That however, is not all the story. Both the Sheffield Park and Horsted Keynes exchanges will need junction relay sets built and wired in to allow calls from those exchanges to reach Kingscote. The Horsted Keynes sets are already ready, waiting for connection to Kingscote, and one of the two required at Sheffield Park is similarly already waiting for connection. The other set is awaiting modification.

A major factor to getting Kingscote exchange into service is the cable laying activities that will run north to East Grinstead and south to Sharpthorne tunnel. The cabling activity will include the connection of Kingscote exchange to the other two exchanges.

The Telecomm team is looking forward to the day when we make it to East Grinstead. As you can see we have a lot of work, and would welcome any volunteer with some minimal telecoms switching experience to join us in these ventures. Anyone interested in working to restore and maintain Strowger systems should contact Paul Baker via Sheffield Park.


1 December 2000: More photos from the working week

Keepers to Hazeldean The good news is that from Keepers (where the pond was) there is now an unobstructed view north (photo left) for about 450 metres - almost to the south end of the tip. Much of the trackbed has been "skimmed" which will hopefully enable it to drain. However it is in no way ready for track to be laid! Much of the original bed is damaged and will need work to make it fit for ballast to be laid. Some parts still need to be skimmed, but they are essentially clear as they had been in regular farm use.

Looking south to Hazelden This photo (right) is taken looking south from Imberhorn Lane towards Hazelden. There is still much tree cutting and fence line clearance to be done. Drainage also requires a lot of work. In the words of BR "we are getting there".


20 November 2000: Progress at the end of last week

Keepers Pond Drained The objectives set for the working week have not been fully met, primarily due to the preceding weeks of inclement weather. The ground is saturated and we have had difficulty using our normal plant (JCB and dumper). We have so far removed about 25 meters of infill from the trackbed adjacent to Ash Lea Farm. This has been sorted - scrap metal into one pile, anything combustible on the fire. Wednesday saw a significant amount of scrap removed, however, working on top of the bank was becoming increasingly difficult due to the deteriorating condition of the ground.

Water draining through Keepers pond Therefore on Thursday and Friday it was decided to try working on the cutting at Keepers. Most of the water had drained from the pond (left) but a significant amount was still flowing through it running off adjacent fields (right).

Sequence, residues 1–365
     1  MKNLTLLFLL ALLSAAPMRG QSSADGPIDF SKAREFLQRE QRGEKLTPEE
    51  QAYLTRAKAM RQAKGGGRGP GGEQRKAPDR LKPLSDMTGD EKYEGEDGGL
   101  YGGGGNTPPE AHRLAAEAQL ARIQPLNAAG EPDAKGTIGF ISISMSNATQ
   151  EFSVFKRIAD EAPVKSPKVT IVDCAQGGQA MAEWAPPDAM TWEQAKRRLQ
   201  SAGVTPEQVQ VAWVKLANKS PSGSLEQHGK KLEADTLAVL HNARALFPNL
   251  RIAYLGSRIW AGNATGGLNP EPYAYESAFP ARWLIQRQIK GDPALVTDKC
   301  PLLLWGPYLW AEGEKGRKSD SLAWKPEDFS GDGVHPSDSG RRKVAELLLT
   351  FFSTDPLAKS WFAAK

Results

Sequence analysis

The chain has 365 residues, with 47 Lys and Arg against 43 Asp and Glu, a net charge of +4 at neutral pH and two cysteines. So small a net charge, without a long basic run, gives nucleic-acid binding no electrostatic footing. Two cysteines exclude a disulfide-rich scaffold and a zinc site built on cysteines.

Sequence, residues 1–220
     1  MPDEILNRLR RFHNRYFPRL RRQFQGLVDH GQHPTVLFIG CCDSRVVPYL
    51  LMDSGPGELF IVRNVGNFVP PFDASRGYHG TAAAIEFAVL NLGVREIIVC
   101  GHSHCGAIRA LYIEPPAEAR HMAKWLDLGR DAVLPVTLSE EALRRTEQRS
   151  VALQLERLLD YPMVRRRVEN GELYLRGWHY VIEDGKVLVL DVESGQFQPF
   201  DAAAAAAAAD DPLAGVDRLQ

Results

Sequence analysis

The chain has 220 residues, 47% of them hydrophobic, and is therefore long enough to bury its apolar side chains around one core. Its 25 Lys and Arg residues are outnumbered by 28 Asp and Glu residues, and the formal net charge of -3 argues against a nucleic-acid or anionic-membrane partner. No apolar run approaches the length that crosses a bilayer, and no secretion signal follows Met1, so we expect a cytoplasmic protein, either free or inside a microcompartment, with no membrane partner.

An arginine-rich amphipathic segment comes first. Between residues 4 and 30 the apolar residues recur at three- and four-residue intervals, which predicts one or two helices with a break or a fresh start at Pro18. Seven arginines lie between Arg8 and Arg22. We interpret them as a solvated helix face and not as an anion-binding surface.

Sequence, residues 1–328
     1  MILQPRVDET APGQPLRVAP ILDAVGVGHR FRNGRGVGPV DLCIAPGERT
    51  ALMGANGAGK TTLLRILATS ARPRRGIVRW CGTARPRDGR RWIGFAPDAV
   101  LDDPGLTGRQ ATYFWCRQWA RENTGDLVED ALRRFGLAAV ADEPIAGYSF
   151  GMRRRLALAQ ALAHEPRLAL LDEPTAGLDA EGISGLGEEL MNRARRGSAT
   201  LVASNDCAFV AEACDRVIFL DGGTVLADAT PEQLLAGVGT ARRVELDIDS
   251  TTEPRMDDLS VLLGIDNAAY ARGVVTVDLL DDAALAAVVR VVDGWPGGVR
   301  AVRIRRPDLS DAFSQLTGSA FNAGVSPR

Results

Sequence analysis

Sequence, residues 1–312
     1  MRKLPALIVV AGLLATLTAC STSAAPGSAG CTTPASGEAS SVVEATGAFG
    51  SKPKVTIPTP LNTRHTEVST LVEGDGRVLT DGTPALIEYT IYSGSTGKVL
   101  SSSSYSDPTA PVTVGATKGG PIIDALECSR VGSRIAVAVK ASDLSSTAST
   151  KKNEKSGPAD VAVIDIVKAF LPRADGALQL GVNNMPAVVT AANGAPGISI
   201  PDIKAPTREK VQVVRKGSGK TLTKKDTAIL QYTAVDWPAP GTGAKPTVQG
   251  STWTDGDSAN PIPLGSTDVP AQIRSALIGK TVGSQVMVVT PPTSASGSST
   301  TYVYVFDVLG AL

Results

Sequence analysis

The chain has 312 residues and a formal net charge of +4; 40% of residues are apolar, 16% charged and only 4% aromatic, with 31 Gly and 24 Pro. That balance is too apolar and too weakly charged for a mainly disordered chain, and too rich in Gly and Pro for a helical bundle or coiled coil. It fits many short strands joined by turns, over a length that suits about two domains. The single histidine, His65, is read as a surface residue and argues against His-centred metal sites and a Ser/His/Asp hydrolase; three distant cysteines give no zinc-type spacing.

Keepers 15th Nov am These two photos show Keepers cutting. Left: before clearance, on the Wednesday morning, 15th November 2000. Right: the following afternoon, after clearance.

Keepers 16 Nov pm

Skimmin Keepers Left: John Millam skimming the surface clear at Keepers cutting. It really does look impressive to see the original trackbed and west side drainage ditch (working); it will be even better with some more tree clearance on the cutting sides.


14 November 2000: First Photos

Scrap in cuttingThese pictures illustrate the progress over the first weekend of our working week on the trackbed clearance. They were taken yesterday, and show the situation before John Millam started work with his heavy machinery. These two show the scrap and rubbish discarded in the cutting which includes all sorts of old agricultural machinery. Note the waterlogged cutting to the left.

Scrap in cutting

Water draining from the pond The other two are toward the "pond" at Keepers; one showing the water flowing from the pond and the other is of the actual pond. Note also the tree clearance already achieved.

Priorities for this week are to remove the scrap etc., dig a drainage ditch to connect up to that already started (which runs parallel to the field belonging to Ash Lea Farm) so that the pond can be drained, and then to scrape off the muck from the top of the trackbed.

The pond at Keepers

We must reiterate that access to the trackbed is not permissible simply because:
a) we have fences and drains to install and repair;
b) people will not know the position of boundaries and trespass will not be taken lightly especially as we have neighbours we must respect;
c) the land whilst being cleared is very wet and boggy and needs draining;
d) with clearance work going on there is a lot of dangerous equipment being used and Health and Safety demands we operate a safe environment.
Any unauthorised persons will be asked to leave by the nearest exit.

We do intend (as per a member's suggestion) to run some escorted tours (for a small donation) in the New Year when the trackbed is a little clearer.


13 November 2000: Work Underway

Saturday November 11th saw the start of our first working week on the extension for over 6 years! To record this monumental occasion and due to the renewed interest in the extension project since the land purchase was completed, Jim Turtle has decided to photograph the works and the entire route with a digital camera, the results of which will be available on this page.

News Release: 30 October 2000

Northern Extension. (Kingscote to East Grinstead)

On behalf of Graham Flight, Chairman of the Bluebell PLC, myself, as Chairman of the Preservation Society, and extensions Director Jim Turtle, I am pleased to be able to confirm that the Bluebell Railway has completed the purchase of the last two pieces of land between Kingscote and East Grinstead in private ownership.

There are two remaining tracts of land not in private ownership for which negotiations are at an advanced stage.

This means that Bluebell owns the Trackbed immediately north of Kingscote to the land north of the viaduct.

Extensions Director Jim Turtle will begin planning the works and infrastructure required immediately. Line clearance and fencing operations have already begun and can progress northwards in earnest.

Please note that access to the trackbed is not permissible under any circumstances.

The Bluebell Railway can at last begin the final push northwards and achieve its principal objective... a terminus at East Grinstead.

A full story detailing the history of the extension will appear in the Christmas edition of Bluebell News.

Roy Watts
Chairman, BRPS.